- 1 Trial Begins
- 2 O'Conner's Testimony: What O'Conner Saw
- 3 Cross-Examination: What O'Conner Saw
- 4 O'Conner's Testimony: Hugh's Confession
- 5 Mood Matrix: Hugh O'Conner
- 6 Means's Testimony: Prof. Means's Testimony
- 7 Cross-Examination: Prof. Means's Testimony
- 8 Means's Testimony: Prof. Means's Work of Art
- 9 Cross-Examination: Prof. Means's Work of Art
- 10 Revisualization
- 11 Recreating the Statue
- 12 What really happened
- 13 After the Trial
After a sleepless night, you find yourself in the defendant lobby. Klavier has come with the results of the voice analysis, and the voice is definitely the same as the one in the mock trial. The tape recorder is updated in the court record. The study of the tape is still ongoing. Signs of overdubbing have been found, but recovery of the erased audio will take a while. You suddenly hear the sound of someone falling, but the person fled quickly. After a mini Chords of Steel exercise, it's time to enter the courtroom.
Robin and Hugh have recanted their confessions, and the art room photo is no longer relevant, according to Blackquill. He means to prove that Juniper was the only one that could have moved the body. According to his theory, the victim was murdered in the center of the art room, and then carried to the window. The body then landed on a mat and was carried with the ball cart. He calls O'Conner as a witness to prove this.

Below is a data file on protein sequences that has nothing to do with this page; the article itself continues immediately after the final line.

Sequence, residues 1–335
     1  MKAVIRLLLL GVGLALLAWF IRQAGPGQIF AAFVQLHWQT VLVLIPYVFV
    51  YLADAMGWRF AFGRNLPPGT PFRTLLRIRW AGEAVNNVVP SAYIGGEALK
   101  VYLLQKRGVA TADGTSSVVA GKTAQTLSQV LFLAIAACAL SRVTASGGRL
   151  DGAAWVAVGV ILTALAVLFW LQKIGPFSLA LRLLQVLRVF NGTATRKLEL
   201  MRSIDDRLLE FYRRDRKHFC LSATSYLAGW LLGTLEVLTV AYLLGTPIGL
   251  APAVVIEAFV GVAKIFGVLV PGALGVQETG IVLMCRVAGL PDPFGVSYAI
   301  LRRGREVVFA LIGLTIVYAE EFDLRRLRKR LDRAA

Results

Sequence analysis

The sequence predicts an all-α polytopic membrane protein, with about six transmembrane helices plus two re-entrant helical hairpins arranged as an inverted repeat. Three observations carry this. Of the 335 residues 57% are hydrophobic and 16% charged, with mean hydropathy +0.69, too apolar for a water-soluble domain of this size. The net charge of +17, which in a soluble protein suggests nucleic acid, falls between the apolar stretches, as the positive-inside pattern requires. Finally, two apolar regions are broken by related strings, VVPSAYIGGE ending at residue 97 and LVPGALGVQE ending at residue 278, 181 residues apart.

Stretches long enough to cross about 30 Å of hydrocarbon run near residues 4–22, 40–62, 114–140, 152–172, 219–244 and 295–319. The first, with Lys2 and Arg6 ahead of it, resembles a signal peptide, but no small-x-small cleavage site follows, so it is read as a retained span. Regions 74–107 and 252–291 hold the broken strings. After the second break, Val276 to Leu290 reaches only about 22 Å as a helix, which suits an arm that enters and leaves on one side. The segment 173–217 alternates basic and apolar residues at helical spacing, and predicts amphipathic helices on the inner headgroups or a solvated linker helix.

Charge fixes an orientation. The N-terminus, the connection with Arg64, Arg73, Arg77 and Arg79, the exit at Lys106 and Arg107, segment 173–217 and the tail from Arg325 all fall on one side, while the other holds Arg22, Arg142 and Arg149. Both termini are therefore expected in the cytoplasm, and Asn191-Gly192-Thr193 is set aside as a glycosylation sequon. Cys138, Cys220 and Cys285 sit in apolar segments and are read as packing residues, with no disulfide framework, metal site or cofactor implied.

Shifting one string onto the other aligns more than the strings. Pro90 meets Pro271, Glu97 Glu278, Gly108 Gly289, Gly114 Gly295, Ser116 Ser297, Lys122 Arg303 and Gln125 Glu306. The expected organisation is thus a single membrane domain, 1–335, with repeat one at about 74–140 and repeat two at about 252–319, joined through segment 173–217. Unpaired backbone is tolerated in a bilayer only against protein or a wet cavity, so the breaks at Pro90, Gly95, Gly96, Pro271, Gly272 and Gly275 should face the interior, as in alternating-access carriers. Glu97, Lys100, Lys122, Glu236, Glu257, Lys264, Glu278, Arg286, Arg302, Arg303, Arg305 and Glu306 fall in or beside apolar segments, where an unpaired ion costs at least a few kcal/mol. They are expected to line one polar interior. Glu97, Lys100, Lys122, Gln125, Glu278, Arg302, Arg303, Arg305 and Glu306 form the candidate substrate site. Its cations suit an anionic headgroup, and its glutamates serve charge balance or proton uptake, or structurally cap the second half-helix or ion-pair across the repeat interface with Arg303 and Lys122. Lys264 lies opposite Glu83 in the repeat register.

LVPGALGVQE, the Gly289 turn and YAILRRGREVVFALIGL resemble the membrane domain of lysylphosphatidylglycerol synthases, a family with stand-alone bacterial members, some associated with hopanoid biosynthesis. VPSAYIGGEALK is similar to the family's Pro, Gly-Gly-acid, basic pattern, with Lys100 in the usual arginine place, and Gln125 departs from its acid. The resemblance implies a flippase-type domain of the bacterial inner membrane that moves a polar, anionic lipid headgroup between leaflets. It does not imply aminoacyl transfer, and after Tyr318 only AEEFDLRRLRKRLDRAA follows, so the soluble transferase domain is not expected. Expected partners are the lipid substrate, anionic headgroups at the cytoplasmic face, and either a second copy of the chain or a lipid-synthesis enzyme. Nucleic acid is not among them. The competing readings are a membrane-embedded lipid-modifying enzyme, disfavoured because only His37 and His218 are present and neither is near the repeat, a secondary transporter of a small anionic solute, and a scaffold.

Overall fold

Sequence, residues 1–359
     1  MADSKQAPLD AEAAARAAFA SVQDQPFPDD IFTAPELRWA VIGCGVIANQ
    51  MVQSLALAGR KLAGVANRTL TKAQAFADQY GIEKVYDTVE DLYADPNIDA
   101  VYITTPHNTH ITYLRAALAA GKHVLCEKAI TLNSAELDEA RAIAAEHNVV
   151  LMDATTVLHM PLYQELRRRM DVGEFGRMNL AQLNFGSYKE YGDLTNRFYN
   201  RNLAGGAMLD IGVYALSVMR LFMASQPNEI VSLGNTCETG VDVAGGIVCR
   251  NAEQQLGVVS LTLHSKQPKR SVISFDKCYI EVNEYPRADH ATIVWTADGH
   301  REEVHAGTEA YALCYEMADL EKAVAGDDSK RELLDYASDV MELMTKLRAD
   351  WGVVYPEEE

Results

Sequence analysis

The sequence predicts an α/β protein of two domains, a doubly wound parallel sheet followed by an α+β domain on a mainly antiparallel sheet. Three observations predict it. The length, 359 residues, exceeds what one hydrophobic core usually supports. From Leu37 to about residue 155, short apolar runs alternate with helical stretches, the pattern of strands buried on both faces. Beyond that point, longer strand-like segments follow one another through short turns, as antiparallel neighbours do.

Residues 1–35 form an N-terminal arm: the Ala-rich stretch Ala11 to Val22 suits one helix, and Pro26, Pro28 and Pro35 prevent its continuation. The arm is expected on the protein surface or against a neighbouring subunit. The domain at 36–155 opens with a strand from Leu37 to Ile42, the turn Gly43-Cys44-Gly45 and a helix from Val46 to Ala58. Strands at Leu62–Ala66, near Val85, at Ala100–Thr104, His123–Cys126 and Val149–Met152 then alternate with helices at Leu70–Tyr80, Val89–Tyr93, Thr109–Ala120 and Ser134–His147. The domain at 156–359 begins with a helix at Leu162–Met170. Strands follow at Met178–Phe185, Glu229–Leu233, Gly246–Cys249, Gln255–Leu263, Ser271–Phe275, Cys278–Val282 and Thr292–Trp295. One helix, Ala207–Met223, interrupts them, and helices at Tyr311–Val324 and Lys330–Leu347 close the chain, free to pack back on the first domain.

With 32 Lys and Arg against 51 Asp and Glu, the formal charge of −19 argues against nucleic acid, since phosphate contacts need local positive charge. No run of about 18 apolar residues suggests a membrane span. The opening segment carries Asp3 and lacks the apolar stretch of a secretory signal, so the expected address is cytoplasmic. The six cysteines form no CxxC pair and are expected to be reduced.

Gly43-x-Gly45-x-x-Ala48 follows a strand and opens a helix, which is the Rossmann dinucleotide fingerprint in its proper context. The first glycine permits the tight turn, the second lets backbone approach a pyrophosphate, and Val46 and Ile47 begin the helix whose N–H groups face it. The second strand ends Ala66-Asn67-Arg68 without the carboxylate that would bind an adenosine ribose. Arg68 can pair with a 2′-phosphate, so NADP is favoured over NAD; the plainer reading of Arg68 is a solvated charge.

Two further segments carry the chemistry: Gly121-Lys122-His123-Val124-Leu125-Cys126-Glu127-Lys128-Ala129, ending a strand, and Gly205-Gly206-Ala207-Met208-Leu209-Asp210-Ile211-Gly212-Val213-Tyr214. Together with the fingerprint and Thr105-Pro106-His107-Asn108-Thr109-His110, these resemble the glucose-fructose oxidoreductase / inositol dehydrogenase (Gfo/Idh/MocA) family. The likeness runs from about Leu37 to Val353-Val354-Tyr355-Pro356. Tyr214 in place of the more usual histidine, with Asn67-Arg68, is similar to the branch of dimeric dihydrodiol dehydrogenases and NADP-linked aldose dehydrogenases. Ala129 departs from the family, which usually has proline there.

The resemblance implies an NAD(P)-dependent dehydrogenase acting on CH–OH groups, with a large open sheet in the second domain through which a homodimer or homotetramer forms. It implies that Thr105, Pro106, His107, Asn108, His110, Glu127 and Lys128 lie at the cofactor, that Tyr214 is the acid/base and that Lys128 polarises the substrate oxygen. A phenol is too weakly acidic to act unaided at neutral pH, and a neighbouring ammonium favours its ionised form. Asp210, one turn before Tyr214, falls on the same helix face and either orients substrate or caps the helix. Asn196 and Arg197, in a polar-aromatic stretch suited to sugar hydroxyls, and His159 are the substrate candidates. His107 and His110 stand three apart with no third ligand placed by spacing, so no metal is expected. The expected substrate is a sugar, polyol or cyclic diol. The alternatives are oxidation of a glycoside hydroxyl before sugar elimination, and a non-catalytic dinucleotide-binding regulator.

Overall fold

O'Conner's Testimony: What O'Conner Saw
The drag marks you saw yesterday were from that mat. It is the only mat in the entire campus, and therefore the one used to cushion the fall. It looks like you're off to a bad start again.
Cross-Examination: What O'Conner Saw
Present the stage set up photos on the third statement. If O'Conner really was standing at the corner, he couldn't possibly have seen Juniper because of the big construction screen that is in the way. O'Conner now claims it was a slip of the mind, and that he watching her from the front of the stage, but you cannot see behind the stage from there. The only way this would be possible is if O'Conner was actually in the same area behind the stage, but in that case, Juniper surely would have seen him.
Blackquill now says that Hugh actually was standing at the vantage point, but he was sitting inside the crane. From here, he could look over the construction screen. Apparently he was working part time as a crane operator. O'Conner clearly doesn't want anyone to know about this, and denies that he operated the crane. In the other photo that you received from Scuttlebutt, the crane operator is visible. O'Conner still denies that the person in the photo is actually him, so you propose to examine His neck to prove the person inside the crane is actually him. In the photo, he has a unique object around his neck. O'Conner's neck is concealed by his tall collar. Sure enough, when he unbuttons his collar, it's the same neckband as in the photo.
He finally admits to having a part time job as a crane operator, but shouldn't you be at least twenty to have a license to operate such a crane? Blackquill decides to reveal his secret: Hugh is actually twenty-five years old! He took a seven year break from school! Despite this new information, the prosecution's claims have not changed. Thankfully, Apollo has thought of something. He couldn't have been on the job right before the mock trial, so what was he doing in the crane? He was probably using the crane to Move the body. When asked for an explanation, Hugh shows his left hand that has been in his pocket all this time. It's injured and covered in bandages! Two hands are necessary to operate a crane like that, and the prosecution's claims still hold ground.